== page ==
Even if plainly and dryly handled, the process that resulted in the eventual elimination of voting impediments would still have made for emotional viewing. That’s not how DuVernay approaches the true tale, though neither does she ignore the details. The filmmaker displays an expert understanding of the tone, mood and pacing required to work through such a complex situation, and not just in her revisions to the script that saw her rewrite all King’s speeches due to permission issues. Prudently, she gathers force in the assembling of ideas and exchanges that lead to action. With precision, she accumulates events and ire, shots and sentiment, making a shoe flying amongst debris and an intimate encounter between a grieving grandfather and the man whose cause he serves as quietly blistering as an explosion and an unprovoked attack in a diner.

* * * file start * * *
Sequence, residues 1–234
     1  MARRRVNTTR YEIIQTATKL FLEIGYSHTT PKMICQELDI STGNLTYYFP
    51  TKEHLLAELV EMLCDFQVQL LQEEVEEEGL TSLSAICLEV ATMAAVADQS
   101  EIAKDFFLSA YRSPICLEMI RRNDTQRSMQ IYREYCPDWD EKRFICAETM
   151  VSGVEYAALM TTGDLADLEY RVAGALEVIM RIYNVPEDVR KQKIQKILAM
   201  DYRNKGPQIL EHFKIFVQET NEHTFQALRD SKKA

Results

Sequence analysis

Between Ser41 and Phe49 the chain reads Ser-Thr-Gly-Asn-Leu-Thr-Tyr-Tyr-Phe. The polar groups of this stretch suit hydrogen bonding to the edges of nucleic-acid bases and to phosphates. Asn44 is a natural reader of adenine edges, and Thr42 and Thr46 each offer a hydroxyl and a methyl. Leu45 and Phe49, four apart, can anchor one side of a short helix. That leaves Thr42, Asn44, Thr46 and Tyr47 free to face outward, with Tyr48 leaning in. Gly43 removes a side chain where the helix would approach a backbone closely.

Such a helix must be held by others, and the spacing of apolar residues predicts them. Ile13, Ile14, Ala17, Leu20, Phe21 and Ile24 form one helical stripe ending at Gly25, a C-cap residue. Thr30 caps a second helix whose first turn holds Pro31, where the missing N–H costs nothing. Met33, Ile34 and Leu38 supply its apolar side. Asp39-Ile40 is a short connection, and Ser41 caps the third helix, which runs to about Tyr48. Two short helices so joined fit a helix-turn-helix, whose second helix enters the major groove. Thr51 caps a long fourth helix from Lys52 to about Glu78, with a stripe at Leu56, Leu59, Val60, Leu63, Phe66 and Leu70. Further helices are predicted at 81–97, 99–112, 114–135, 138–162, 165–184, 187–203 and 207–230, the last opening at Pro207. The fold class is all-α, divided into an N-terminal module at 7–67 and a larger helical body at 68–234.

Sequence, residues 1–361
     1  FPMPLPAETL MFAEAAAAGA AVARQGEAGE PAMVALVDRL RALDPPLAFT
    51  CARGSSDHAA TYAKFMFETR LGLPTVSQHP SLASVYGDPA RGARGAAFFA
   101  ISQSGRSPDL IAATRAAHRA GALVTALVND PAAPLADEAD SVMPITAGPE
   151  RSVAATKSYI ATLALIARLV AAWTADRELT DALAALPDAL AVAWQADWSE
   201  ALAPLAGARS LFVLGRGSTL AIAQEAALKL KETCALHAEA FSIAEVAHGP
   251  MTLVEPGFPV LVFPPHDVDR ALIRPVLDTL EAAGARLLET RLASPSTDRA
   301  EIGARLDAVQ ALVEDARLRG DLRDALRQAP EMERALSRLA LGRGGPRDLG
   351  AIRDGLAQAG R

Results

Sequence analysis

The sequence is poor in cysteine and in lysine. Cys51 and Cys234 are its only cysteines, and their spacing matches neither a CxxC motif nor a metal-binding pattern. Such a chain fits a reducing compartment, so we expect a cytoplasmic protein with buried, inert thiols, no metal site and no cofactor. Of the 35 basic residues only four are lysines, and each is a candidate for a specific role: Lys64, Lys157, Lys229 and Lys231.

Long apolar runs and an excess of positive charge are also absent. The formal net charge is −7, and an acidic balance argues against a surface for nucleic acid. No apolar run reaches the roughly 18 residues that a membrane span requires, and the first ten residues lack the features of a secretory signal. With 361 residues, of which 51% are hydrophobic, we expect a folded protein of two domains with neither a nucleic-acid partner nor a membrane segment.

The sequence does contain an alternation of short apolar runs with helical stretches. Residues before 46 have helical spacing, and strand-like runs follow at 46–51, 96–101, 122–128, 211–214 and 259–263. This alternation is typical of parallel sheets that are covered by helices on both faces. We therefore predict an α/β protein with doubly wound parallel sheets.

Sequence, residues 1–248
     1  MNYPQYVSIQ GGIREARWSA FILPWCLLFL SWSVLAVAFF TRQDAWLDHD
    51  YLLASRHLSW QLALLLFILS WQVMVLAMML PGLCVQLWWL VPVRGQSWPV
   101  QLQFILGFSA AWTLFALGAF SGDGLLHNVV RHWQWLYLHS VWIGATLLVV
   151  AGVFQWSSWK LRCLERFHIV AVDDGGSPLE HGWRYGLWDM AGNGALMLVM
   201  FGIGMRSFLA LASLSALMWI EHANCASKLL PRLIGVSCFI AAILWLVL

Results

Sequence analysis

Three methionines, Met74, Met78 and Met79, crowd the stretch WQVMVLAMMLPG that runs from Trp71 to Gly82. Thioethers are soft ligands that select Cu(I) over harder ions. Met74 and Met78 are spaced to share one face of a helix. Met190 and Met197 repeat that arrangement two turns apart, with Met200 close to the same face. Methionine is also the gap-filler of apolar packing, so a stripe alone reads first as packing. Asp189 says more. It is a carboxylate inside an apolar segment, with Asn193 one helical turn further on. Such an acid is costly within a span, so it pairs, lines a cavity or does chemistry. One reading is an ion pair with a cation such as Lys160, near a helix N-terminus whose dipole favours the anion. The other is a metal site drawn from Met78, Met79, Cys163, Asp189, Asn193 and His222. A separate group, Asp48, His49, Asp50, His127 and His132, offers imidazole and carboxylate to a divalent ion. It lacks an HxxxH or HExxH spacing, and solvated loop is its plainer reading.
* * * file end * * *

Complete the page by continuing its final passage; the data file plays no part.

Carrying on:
Politics isn’t the only subject of discussion, with the personal toll – on King and his wife, Coretta Scott King (Carmen Ejogo, who also played the same role in 2001 TV movie Boycott), as well as on the many that follow his lead – just as instrumental in the unrelenting atmosphere of tension that echoes through Selma’s every frame. DuVernay’s choice to focus on one particular slice of history allows the respective real-life characters to live and breathe, to become more than merely notable contributors to an important broader story, including textured – even when brief – portrayals of Ralph Abernathy (Colman Domingo, Lincoln), Andrew Young (André Holland, TV’s The Knick), James Orange (Omar J. Dorsey, Ray Donovan), and Diane Nash (Tessa Thompson, Dear White People) from among King’s inner circle.